The Sinking of the Lightship Guillemot

It’s March 28th 1917, the height of the first world war and a time before advanced navigation technologies like radar. You are captain of the lightship Guillemot stationed five miles off the coast of Wexford providing a vital service to fishermen and sailors in the dark of night, warning them of the dangers of the nearby shifting sands of the Arklow Bank. And you’re about to make the biggest decision of your life.

lightship Guillemot

You discover there’s a German U-boat positioned behind your ship, using it as cover and picking off unsuspecting vessels venturing out from Arklow bay. As a lightship you’re officially neutral but you’ve already seen four boats ruthlessly dispatched to the bottom of the sea by the clever tactics of the German U-boat.  You see another boat emerge from the Arklow harbour, it’s the Irish boat Harvest Home, you see it near your ship, they don’t stand a chance. What do you do?

lightship Guillemot

The Crew South Arklow Lightship in 1917

This was the predicament faced by Captain Rossiter and his crew of the lightship Guillemot in 1917. They had a decision to make; maintain their standing order of neutrality or signal the approaching ship in an attempt to alert it to the presence of the U-boat.

On board the U-boat UC-65 was Captain Otto Steinbrinck, a wily and experienced commander who’d had considerable success in the Irish Channel during 1917 laying sea mines and sinking ships. In the Arklow bank area he had sank the armed British steamer Snowden Range, the Russian sailing vessel Laima, and the English Ardglass and Norwegian steamer Dagali.  Nestled behind the lightship Guillemot made for easy pickings for the U-boat.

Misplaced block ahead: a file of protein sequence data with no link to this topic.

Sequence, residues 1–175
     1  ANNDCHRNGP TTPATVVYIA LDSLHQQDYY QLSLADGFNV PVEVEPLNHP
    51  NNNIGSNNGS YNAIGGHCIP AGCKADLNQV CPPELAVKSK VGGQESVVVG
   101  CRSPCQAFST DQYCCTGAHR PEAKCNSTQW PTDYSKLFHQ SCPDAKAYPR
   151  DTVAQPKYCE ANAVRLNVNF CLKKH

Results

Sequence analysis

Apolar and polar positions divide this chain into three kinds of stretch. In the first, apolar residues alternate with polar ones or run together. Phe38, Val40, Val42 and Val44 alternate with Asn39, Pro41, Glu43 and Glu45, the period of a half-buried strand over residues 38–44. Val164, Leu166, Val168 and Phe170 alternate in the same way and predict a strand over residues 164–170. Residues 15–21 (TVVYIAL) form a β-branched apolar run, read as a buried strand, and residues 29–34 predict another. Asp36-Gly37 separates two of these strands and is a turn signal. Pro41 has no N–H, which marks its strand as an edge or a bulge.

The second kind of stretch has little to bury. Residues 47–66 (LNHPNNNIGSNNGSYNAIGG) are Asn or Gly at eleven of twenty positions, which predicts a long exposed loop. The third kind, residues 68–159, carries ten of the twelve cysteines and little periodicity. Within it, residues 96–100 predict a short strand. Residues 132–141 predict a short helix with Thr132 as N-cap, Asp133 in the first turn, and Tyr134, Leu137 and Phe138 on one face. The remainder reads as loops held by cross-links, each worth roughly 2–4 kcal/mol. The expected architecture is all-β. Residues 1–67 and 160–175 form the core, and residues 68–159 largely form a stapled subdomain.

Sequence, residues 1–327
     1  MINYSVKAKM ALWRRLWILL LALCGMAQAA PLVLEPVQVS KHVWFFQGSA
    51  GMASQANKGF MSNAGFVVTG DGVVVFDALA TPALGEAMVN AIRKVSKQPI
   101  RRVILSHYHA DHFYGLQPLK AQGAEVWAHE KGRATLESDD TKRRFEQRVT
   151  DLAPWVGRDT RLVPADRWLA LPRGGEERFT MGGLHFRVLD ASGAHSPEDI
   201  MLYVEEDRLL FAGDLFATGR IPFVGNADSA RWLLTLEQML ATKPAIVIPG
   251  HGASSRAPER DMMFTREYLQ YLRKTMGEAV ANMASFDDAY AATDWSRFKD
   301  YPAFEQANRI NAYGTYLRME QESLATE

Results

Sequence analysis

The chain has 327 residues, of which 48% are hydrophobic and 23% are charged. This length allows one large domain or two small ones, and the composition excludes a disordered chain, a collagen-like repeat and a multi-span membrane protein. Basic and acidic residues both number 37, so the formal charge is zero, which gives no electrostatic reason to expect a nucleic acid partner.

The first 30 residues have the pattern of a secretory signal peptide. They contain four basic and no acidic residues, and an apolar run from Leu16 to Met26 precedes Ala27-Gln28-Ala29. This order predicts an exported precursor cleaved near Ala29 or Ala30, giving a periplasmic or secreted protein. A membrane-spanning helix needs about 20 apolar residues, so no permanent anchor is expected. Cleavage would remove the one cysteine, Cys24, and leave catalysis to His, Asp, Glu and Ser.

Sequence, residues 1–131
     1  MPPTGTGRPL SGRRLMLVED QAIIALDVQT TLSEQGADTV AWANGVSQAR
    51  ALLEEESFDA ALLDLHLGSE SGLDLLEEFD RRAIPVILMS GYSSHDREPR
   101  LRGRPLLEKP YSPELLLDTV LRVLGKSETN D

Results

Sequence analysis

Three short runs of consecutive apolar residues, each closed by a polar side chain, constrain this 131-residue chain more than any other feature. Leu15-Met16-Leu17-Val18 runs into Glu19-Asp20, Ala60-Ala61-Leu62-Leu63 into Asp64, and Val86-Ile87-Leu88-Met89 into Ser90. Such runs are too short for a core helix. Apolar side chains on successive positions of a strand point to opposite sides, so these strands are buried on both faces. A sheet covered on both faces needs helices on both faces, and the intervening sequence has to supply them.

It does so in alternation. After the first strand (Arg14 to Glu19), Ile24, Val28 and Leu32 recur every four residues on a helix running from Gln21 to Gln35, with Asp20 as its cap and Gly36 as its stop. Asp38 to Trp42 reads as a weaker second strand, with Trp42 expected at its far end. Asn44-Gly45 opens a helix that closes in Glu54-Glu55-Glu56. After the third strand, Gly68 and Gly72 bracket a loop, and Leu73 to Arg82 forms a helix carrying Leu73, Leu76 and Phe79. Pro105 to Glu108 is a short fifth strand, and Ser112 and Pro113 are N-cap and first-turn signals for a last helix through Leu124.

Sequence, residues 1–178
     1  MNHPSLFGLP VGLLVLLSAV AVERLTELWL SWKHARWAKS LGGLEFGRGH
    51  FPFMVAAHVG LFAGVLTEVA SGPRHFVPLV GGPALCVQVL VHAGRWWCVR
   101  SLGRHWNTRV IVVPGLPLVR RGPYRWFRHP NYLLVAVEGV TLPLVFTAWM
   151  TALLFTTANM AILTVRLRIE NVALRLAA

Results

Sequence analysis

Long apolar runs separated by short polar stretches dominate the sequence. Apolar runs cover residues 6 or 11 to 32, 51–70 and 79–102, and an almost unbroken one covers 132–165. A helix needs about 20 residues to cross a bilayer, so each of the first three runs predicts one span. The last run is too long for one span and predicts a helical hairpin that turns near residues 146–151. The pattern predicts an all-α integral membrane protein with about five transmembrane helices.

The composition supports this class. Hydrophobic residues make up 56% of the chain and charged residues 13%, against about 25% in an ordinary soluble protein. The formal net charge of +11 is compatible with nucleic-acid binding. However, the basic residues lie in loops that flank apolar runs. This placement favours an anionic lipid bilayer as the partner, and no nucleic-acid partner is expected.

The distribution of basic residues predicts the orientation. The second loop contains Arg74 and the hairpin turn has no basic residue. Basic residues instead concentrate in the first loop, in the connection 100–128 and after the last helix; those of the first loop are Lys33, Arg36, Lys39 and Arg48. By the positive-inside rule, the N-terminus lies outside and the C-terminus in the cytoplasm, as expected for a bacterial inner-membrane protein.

lightship Guillemot

U-boat Captain: Otto Steinbrinck

And so Captain Rossiter and the crew made their choice, one of conscience and broke the standing order to remain neutral. They attempted to signal the oncoming boats. Unfortunately for them the loitering U-boat got wind of the attempted warning and wasn’t pleased. Steinbrinck wasn’t going to let them spoil his efforts again and sank the Guillemot.

But in an act of civility that may sound foreign to ears attuned to the harshness of modern warfare, the German captain allowed Captain Rossiter and the crew to disembark before the Lightship was sunk. The Harvest Home was eventually sunk by the U-boat.

The Guillemot crew returned safely to shore. In keeping with the strangeness of war-time, Captain Rossiter was subsequently rewarded with a medal for his bravely but reprimanded for disobeying orders. Captain Steinbrinck would go on to sink a total of 216 boats during the war.

About the Author

Daniel Farrell
Interested in all things on the Irish coast and sharing the best of it. // Email: // Follow on Twitter: @DanielsSeaViews